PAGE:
28 November 2013

Mental-health disorders affecting more kids

Doctors' offices increasingly seeing young people with common psychiatric conditions


Young people are increasingly more likely than adults to be diagnosed with a mental health disorder, according to a large new study.

Researchers analysed data from nearly 450 000 patient visits to US doctors' offices between 1995 and 2010 for the study, which was published online in the journal JAMA Psychiatry.

Between the periods from 1995 to 1998 and 2007 to 2010, visits that led to diagnoses of mental-health problems increased faster for patients younger than 21 than for adults. Visits to psychiatrists also rose faster for youths than for adults, according to a journal news release.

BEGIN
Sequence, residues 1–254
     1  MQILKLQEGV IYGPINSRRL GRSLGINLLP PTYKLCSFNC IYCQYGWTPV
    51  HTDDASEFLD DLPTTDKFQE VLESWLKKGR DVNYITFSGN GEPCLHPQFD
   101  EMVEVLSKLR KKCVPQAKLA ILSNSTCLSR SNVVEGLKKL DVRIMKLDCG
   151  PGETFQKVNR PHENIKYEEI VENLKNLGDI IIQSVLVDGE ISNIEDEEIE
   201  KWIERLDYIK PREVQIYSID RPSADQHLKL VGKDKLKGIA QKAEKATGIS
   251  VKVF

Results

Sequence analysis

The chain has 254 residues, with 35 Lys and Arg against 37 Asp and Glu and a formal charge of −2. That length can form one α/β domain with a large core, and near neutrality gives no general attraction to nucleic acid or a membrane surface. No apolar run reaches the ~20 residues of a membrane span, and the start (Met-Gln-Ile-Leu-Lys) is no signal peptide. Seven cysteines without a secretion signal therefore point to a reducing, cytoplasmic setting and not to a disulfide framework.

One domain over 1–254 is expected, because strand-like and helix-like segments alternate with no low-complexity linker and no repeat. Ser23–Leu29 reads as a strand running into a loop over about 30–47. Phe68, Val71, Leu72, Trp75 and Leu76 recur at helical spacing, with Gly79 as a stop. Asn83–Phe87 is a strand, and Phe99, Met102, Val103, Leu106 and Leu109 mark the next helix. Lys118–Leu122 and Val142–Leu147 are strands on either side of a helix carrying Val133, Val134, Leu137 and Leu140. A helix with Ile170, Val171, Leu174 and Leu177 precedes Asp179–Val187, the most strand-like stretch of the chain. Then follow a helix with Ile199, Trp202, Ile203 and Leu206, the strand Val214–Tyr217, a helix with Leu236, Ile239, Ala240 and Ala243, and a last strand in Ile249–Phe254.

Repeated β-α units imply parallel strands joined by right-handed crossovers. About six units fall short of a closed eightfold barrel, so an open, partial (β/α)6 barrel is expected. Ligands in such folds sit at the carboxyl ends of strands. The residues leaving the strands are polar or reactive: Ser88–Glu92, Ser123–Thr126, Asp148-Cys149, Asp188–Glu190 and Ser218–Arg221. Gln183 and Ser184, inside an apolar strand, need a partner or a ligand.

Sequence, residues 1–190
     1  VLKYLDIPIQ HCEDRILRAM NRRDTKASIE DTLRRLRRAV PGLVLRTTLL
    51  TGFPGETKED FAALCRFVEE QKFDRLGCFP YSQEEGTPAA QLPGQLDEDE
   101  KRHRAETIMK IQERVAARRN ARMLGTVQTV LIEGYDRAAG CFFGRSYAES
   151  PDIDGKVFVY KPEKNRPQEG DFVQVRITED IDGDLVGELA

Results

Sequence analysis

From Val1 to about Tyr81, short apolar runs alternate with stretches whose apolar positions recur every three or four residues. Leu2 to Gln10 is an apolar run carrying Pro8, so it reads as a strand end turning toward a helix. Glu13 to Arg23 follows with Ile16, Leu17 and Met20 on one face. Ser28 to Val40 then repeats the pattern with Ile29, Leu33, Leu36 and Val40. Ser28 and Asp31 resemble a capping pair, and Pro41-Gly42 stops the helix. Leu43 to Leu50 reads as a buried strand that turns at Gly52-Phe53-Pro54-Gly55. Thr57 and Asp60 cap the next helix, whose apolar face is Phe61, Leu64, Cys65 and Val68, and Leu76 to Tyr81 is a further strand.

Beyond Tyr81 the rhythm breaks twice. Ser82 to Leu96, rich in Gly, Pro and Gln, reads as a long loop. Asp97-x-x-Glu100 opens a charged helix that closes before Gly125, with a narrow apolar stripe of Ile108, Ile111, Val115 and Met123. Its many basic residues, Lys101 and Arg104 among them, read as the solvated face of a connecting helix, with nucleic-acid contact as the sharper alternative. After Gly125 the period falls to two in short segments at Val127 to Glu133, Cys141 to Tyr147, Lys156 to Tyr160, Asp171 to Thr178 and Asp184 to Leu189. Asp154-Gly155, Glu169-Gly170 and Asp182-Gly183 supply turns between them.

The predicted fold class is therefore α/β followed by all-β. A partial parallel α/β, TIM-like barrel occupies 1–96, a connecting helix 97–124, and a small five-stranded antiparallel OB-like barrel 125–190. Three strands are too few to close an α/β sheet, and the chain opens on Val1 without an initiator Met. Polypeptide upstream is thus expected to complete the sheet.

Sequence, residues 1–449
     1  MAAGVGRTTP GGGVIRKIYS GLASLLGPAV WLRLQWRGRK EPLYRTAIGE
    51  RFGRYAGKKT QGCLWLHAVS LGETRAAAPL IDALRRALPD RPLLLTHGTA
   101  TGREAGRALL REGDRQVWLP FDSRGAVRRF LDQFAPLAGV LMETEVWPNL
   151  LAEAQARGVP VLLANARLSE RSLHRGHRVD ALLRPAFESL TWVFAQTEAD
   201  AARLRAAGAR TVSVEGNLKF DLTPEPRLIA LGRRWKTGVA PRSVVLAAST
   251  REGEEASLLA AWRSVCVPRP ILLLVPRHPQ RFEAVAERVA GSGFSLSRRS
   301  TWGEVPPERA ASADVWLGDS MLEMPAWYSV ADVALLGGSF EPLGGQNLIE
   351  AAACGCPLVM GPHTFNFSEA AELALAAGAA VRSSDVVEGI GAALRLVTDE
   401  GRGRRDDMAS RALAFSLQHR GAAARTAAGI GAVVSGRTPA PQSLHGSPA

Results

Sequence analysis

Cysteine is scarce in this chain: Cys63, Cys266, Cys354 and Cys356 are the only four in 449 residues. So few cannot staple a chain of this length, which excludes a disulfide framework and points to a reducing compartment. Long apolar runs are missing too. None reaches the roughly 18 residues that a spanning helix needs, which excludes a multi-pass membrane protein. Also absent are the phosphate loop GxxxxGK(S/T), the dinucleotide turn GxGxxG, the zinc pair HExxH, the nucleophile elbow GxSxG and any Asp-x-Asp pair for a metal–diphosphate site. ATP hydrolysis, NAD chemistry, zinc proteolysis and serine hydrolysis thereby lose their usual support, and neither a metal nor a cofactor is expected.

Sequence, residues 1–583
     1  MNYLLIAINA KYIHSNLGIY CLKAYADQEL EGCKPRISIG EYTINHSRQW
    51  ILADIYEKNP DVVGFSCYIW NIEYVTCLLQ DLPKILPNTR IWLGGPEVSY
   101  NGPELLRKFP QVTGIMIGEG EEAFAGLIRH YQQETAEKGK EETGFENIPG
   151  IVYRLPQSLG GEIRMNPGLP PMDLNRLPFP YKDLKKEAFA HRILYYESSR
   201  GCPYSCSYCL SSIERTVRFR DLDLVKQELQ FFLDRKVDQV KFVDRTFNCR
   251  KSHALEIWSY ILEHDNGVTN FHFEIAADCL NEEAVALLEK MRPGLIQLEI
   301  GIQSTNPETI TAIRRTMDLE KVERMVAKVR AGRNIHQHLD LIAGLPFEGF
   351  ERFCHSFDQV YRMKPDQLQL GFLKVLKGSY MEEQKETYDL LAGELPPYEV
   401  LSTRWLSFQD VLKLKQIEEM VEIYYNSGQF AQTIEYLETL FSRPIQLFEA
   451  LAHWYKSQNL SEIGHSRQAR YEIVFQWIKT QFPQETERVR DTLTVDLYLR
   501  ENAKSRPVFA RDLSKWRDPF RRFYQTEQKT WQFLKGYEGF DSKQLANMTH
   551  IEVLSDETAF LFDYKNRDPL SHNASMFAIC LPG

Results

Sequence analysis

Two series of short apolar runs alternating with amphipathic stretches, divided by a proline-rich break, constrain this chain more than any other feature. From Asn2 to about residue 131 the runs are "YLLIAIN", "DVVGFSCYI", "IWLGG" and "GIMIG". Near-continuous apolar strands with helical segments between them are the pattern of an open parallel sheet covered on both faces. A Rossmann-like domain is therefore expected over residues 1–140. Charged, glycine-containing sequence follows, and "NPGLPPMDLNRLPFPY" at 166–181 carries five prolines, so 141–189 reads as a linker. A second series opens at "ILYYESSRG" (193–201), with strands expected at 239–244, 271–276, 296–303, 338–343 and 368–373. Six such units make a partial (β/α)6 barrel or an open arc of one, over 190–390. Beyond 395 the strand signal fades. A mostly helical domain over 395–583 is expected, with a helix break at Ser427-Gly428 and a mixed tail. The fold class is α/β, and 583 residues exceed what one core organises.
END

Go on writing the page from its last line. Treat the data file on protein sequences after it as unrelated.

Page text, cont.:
Increases in the number of prescriptions of medications to manage mental health disorders were similar for youths and adults.

New opportunities

"Over the last several years, there has been an expansion in mental health care to children and adolescents in office-based medical practice," said Dr. Mark Olfson, of the College of Physicians and Surgeons at Columbia University, and colleagues.

The researchers said this growth, which occurred along with a rise in prescriptions for psychiatric drugs, gives health care providers new opportunities to help children and teens in distress from common psychiatric disorders.

"Yet it also poses risks related to adverse medication effects, delivery of non-evidence-based care and poorly coordinated services," the researchers said.

More information

The National Alliance on Mental Illness has more about mental illness.

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